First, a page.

Story of the Week

Posted: 05.01.2017
Honoring the women of Studebaker
By Robert Tate, Automotive Historian and Researcher
Images courtesy of the National Automotive History Collection

Women employed at Studebaker working on seating upholstery in the 1940s.

 

During a time when much of the automotive world, from manufacturing to motorist, was primarily a male-dominated culture, Studebaker chose to rebuff trends by employing and marketing directly to women throughout the 1940s.

Indeed, it was Studebaker’s strategic pivot to include women in the manufacturing and advertising process that made the 1940s Studebaker a valued car.

Women were heavily involved in the manufacturing process at Studebaker's South Bend, Ind. passenger car plant.

 

The first three images of this story highlights the careers of women working on the assembly line manufacturing interior trim seating for Studebaker automobiles. At that time, much of the manufacturing for Studebaker models took place at its South Bend, Ind. passenger factory. The plant provided 126 acres of manufacturing floor space for workers.

More women working on automotive interior at the Studebaker factory in South Bend, Ind., where the company was founded.

 

Women employed at Studebaker also played a significant role in the manufacturing of war-time machinery during WWII. Today, their efforts and hard work are now a part of our heritage and automotive history.

During the wartime effort, the “Rosie the Riveter” character became a great, empowering figure based on the late Howard Miller’s famous 1942 “We Can Do It” poster artwork. This campaign highlighted many great women who were welders, machinists and, of course, riveters who had participated during the wartime efforts. Some historians have said that Miller's famous artwork was modeled after Michigan factory worker, Ms. Geraldine Doyle.

During the war, Studebaker had built 63,789 Wright Cyclone nine-cyclone radial engines for the legendary B-17 Flying Fortresses on its assembly lines. The automotive company also churned out M29 Weasel tracked vehicles along with Wright Cyclone engines and other military trucks.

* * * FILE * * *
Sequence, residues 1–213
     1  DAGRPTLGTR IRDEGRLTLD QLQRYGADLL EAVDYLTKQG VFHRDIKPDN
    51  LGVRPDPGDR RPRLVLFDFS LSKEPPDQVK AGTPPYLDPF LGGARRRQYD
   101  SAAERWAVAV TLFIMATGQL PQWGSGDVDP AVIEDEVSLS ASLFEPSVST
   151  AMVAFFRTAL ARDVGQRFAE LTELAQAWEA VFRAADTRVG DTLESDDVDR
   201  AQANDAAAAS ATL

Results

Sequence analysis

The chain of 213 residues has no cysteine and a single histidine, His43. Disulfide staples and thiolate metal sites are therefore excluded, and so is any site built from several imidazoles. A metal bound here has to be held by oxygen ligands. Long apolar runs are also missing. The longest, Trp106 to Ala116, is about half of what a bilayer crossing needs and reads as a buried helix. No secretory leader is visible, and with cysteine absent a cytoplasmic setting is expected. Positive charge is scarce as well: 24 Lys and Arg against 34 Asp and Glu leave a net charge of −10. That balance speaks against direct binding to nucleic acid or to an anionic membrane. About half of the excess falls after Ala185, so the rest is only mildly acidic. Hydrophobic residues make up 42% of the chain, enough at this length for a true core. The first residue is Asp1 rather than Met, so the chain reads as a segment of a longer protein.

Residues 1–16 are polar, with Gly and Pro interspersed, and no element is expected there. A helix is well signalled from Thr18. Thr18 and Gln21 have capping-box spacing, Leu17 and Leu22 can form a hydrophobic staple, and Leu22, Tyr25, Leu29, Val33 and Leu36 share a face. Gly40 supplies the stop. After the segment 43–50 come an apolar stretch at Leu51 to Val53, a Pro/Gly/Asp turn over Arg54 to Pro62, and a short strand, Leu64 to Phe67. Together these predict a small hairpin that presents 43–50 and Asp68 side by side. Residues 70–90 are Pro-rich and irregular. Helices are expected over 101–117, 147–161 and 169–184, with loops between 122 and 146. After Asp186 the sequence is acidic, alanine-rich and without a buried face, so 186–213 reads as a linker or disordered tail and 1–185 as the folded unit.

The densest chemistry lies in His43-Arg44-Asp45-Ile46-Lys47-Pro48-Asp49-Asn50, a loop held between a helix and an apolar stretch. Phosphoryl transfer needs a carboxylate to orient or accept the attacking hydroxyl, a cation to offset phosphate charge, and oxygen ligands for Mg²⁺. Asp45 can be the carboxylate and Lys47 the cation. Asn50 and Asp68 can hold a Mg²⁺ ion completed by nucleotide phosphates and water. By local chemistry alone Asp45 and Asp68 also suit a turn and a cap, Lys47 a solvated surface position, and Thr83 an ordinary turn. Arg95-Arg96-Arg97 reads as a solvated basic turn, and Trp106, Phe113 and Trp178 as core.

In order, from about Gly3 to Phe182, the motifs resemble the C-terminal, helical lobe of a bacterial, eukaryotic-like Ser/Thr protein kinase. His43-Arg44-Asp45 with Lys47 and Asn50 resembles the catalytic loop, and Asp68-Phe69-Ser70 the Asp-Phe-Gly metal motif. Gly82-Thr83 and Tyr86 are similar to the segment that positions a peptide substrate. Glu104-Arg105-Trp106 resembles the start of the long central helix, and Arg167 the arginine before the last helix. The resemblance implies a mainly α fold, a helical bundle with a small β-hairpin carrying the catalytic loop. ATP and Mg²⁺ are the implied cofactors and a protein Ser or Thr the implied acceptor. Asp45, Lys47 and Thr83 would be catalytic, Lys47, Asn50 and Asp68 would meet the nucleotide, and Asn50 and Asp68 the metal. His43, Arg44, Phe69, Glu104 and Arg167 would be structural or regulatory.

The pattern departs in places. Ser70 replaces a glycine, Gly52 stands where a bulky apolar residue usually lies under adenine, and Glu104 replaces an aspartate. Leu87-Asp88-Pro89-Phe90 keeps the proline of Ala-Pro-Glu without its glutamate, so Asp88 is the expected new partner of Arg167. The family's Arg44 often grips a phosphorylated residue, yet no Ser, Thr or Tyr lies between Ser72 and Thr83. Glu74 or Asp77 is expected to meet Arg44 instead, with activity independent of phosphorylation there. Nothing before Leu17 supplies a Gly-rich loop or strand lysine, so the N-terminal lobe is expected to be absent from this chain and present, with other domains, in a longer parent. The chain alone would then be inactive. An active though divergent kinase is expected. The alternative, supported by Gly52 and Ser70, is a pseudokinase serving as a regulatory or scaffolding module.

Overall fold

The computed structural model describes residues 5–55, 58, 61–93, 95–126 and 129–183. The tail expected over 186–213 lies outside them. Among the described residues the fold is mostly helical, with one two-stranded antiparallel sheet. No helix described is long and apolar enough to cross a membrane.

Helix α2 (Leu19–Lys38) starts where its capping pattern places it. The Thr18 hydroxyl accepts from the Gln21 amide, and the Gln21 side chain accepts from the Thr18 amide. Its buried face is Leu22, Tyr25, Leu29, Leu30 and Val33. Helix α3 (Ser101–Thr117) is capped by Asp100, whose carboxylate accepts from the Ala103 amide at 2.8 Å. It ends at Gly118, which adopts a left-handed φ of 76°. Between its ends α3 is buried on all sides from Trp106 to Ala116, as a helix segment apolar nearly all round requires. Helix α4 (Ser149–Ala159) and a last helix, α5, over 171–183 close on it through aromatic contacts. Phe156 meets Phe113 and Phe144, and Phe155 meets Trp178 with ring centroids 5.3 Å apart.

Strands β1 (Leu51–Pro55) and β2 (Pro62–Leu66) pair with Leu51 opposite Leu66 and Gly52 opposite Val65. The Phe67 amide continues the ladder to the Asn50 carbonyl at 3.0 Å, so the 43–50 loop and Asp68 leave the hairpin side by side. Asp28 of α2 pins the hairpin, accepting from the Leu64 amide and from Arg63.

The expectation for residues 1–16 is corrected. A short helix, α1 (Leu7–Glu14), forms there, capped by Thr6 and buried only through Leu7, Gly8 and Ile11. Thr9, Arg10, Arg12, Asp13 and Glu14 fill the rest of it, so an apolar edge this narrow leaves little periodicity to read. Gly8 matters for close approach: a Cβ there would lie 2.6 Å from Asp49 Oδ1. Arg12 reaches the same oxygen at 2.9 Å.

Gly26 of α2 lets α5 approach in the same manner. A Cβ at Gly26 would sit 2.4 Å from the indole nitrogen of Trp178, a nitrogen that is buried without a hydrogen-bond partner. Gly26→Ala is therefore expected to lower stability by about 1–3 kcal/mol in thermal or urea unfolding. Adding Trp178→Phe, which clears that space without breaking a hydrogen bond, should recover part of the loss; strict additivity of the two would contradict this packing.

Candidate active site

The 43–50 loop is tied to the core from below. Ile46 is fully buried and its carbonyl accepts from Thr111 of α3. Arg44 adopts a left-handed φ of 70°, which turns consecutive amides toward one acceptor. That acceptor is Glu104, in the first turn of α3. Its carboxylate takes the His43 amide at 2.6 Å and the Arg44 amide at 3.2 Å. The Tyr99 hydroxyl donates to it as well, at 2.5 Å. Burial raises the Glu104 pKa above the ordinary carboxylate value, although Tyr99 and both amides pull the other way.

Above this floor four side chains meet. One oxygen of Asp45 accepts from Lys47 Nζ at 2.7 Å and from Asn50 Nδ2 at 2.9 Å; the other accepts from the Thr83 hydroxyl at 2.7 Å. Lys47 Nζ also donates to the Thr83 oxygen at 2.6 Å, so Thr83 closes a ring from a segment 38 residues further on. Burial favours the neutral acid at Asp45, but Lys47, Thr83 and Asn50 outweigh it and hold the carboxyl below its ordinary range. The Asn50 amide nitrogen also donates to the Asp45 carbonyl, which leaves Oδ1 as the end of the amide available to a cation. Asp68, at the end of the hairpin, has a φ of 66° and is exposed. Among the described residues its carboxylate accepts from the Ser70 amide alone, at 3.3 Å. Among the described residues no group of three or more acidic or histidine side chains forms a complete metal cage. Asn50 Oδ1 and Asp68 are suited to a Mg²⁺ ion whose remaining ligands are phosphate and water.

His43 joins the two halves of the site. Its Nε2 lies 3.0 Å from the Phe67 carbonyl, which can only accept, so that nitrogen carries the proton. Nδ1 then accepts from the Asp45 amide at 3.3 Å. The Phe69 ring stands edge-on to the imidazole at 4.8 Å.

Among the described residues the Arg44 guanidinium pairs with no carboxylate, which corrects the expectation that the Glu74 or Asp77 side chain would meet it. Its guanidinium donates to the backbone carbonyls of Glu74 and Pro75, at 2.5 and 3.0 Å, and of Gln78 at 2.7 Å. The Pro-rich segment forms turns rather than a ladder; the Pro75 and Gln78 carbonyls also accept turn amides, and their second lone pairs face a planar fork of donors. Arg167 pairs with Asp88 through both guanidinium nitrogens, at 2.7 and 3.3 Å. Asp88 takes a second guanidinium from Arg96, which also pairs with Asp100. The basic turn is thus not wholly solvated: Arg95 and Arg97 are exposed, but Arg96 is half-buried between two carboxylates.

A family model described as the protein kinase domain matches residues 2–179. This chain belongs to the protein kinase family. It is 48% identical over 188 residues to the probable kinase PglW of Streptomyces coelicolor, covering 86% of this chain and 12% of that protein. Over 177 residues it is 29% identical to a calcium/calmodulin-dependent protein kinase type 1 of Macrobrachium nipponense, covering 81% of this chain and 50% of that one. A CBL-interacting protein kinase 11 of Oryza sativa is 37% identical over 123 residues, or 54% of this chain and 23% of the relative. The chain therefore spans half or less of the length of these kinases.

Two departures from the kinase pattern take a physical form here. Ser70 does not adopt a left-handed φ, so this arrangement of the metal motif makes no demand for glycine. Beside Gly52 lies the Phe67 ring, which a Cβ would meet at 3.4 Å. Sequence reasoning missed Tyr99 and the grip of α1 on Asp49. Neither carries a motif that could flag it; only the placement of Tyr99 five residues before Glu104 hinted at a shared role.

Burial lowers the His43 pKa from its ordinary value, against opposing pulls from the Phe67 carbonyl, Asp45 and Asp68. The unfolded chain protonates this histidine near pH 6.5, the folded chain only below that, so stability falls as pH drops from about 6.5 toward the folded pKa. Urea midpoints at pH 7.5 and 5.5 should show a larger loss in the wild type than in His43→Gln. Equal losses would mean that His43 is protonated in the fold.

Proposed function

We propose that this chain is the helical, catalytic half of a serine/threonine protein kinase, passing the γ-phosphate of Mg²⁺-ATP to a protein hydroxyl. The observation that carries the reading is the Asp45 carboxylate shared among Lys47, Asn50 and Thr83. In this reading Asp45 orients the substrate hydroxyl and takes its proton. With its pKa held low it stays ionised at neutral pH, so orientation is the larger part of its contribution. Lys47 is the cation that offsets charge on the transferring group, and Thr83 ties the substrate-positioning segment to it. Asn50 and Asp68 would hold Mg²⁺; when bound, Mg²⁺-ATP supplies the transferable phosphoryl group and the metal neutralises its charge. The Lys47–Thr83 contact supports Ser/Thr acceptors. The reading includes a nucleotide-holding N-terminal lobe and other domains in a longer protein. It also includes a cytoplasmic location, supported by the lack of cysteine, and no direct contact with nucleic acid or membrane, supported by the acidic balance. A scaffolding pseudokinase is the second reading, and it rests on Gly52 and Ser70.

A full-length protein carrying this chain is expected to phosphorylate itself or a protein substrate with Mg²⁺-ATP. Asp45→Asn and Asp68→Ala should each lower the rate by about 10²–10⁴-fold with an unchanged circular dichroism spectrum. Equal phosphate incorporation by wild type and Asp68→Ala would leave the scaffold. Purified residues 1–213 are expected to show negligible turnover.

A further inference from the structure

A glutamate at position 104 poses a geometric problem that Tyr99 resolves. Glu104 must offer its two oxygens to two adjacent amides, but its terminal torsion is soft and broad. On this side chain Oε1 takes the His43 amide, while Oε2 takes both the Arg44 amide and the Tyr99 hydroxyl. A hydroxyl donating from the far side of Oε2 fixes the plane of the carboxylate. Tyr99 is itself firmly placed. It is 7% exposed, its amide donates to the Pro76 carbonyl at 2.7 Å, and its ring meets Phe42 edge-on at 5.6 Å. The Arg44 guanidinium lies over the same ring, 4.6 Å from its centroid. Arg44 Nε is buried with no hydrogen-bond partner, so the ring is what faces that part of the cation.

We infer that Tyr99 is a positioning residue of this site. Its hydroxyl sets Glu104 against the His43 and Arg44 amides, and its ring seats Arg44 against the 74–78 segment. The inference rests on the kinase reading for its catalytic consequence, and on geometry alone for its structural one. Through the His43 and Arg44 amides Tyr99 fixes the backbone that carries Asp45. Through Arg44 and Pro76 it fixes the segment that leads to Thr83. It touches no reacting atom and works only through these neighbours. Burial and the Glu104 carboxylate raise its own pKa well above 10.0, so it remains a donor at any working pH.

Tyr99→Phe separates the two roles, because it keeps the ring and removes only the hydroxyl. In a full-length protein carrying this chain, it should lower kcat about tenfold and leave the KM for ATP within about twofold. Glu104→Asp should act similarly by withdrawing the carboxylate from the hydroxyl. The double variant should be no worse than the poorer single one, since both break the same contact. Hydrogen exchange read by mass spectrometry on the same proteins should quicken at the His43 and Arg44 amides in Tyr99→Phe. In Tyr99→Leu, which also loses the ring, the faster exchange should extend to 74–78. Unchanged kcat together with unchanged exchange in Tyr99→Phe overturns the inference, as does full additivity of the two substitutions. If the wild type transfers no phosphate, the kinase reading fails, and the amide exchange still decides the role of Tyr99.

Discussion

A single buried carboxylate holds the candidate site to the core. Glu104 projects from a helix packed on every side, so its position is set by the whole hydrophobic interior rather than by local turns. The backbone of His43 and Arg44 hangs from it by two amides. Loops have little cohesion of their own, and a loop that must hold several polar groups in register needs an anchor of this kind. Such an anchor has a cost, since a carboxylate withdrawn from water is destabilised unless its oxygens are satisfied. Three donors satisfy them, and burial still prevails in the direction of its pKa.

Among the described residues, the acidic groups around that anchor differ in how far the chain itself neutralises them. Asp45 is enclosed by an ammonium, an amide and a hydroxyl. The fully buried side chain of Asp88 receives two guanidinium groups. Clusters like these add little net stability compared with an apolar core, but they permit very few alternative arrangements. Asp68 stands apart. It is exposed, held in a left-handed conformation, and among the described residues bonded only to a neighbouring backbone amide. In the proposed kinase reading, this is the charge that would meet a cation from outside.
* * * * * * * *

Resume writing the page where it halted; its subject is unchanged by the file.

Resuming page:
After the war ended, the automotive companies began to once again sell and market their automotive products. A few months after V-J Day, the 1946 Studebaker Skyway Champion models had rolled once again on civilian production lines. After the war, women became more interested in purchasing new automobiles.

 

 

A 1941 advertising clip promoting Studebaker's new safety features.

 

During the early 1940s, Studebaker highlighted women in their advertising campaigns. Company execs promoted new safety features in an attempt to make women and their children feel more safe and comfortable when riding in a Studebaker product. The company used taglines such as, “Studebaker Leads All Cars In Solid Safety” as a reflection of their commitment to safety.

 

In 1945, Studebaker published “Tri Tower Fact Service” magazine, and one of the issues featured two women on the cover admiring the front end of a Studebaker Skyway Champion model for 1946. In Oct.1945, Studebaker had announced its first post-war automobile, which many women thoroughly had enjoyed.

 

 

 

Studebaker advertising from 1945.

 

After the war, Studebaker continued to advertise their vehicles with women, and as technology improved, Studebaker started with new color schemes to further market their vehicles to women.

Margaret Walsh, University of Nottingham, UK, said, “Many Americans, especially working-class Americans, did not gain auto-mobility before World War Two. It would take what Avner offer has called the automobile frenzy of the 1950's before the car would be in mass ownership. This frenzy in reality started in the late 1940s as manufacturers expanded production to meet pent-up demand. Registrations increased from 25.6 million in 1945 to 40.3 million in 1950.”

 

 

Studebaker advertising from 1946.

 

During the second half of the 20th century, American women became a major market for the sales of automobiles. Their rising participation in the labor force and other management positions further provided many women with the ability to buy their own vehicles.

In conclusion, women have entered the work force in greater numbers today and are earning better salaries and holding positions of greater responsibility – all of which has had tremendous impact in the automotive market. For example, Mary Barra, who was appointed CEO and Chairperson of General Motors in 2014, is the first female CEO of a global automotive company.


 

For further information on photos please visit http://www.detroitpubliclibrary.org/ or email nahc@detroitpubliclibrary.org. Please do not republish the story and/or photographs without permission of MotorCities National Heritage Area. (Bibliography: Hall E. Asa & Lang worth M. Richard. “The Studebaker Century A National Heritage” 1983; Walsh, Margaret. “Gender and Auto-mobility Selling Cars to American Women after the Second World War” University of Nottingham, Nottingham, UK. “A trip through the Studebaker factory” The Studebaker Corporation 1952. The Studebaker Corporation Tri-Tower Fact Service “Studebaker's Skyway Champion A new car for a new world,” October 1945.)

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